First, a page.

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Galilee Harbor Maritime Day Saturday

The site now called Galilee Harbor (named after a local ferryboat) has been involved in maritime trades since shortly after the Gold Rush.

© 2013 Courtesy Galilee Harbor

This Saturday’s Maritime Day celebration at Sausalito’s Galilee Harbor honors well over a century of boatbuilding and other ‘working waterfront’ activities on that site, at the foot of Napa Street.

According to local historians, thirty years after the Gold Rush, Italian fishing families could be found there building felucca fishing boats. By the turn of the 20th century, a pier had been build to accommodate both fishing craft and liveaboard barges that were used as vacation getaways by wealthy San Franciscans — and as emergency residences after the Great San Francisco Earthquake in 1906.

At Maritime Day you can learn about all sorts of local boatbuilding organizations including Spaulding Boat Works and Cass Gidley Marina.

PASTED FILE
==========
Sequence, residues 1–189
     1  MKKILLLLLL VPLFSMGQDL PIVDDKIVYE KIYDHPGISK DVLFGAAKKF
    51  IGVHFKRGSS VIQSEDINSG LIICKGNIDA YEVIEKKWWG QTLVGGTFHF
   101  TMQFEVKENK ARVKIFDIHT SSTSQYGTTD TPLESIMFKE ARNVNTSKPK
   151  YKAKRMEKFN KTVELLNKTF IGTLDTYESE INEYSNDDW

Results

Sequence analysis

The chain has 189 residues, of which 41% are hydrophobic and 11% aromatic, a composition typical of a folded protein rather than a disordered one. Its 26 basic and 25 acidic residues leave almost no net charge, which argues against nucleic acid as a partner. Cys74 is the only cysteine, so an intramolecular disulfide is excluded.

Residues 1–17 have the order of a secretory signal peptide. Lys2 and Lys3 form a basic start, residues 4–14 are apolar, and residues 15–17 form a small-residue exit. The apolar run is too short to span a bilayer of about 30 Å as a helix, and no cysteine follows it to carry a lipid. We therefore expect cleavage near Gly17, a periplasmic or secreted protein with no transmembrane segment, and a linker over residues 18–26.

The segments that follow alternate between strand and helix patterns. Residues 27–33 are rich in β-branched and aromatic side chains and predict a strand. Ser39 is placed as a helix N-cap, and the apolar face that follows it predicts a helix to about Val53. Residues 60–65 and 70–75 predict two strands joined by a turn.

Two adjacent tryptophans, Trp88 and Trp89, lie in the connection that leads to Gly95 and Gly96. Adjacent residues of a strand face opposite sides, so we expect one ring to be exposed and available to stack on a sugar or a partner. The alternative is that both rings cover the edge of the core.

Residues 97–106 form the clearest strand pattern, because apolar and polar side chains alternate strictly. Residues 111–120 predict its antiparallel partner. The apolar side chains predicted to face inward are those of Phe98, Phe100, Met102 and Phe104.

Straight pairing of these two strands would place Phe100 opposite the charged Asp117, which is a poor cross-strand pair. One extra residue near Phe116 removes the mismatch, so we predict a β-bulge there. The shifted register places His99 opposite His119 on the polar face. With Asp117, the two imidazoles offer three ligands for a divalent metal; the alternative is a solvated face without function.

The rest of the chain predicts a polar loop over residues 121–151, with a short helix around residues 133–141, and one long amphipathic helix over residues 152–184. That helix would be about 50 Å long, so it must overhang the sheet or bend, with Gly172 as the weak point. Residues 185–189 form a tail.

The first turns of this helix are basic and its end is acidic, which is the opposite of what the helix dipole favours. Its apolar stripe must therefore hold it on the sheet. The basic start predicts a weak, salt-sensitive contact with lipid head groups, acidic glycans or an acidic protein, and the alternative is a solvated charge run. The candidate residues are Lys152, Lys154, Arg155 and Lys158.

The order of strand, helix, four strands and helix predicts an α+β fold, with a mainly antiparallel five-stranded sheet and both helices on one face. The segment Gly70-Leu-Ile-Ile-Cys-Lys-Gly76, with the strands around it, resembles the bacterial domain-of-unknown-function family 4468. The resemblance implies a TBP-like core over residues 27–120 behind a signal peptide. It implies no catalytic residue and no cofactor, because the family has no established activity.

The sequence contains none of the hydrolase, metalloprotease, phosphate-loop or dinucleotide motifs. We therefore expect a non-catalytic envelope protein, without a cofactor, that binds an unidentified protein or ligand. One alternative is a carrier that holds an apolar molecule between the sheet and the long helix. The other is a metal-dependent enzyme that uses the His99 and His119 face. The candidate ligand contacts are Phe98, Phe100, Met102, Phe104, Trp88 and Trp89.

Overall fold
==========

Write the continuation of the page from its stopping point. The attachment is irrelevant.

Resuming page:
© John Skoriak

During WWII Navy barges were built there in quick succession, while liberty ships were built nearby. In more modern times boatbuilding and repairs continued, with many shipwrights living on-site aboard their vessels. Artists were also attracted to the area.

When developers made a move to transform the area in 1980, residents got political and formed a non-profit corporation to buy the property outright. After 18 years of haggling with various agencies, the tenants received permits to build a legal liveaboard marina specifically aimed at providing low-cost housing to artists and maritime workers — thus preserving one of the last remaining elements of Sausalito’s ‘working waterfront’ tradition.

Current tenants include boat-builders, sailmakers, marine canvas workers, writers, artists, and actors. On Saturday, you can meet many of them, see the results of their talents and help them celebrate Galilee Harbor’s maritime roots.

In addition to exhibits and demonstrations, there’ll be live music all day, dinghy races, good things to eat and drink — including homemade pies — plus a silent auction and flea market. Big fun, and all for free, from 8:00 a.m. to 6:00 p.m. For more info click here or call (415) 332-8554.


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Big O is a great ocean-going boat, and was a terrific ‘Mothership’ for the inaugural Baja Ha-Ha.
Who are these sailors and what are they celebrating? To find out, see the first item of Race Notes on page 136 in the August issue of Latitude 38, due out tomorrow.
Offshore sailors make note: Effective Wednesday, August 1, the US Coast Guard will no longer monitor voice frequency 2182 kHz for International distress and safety.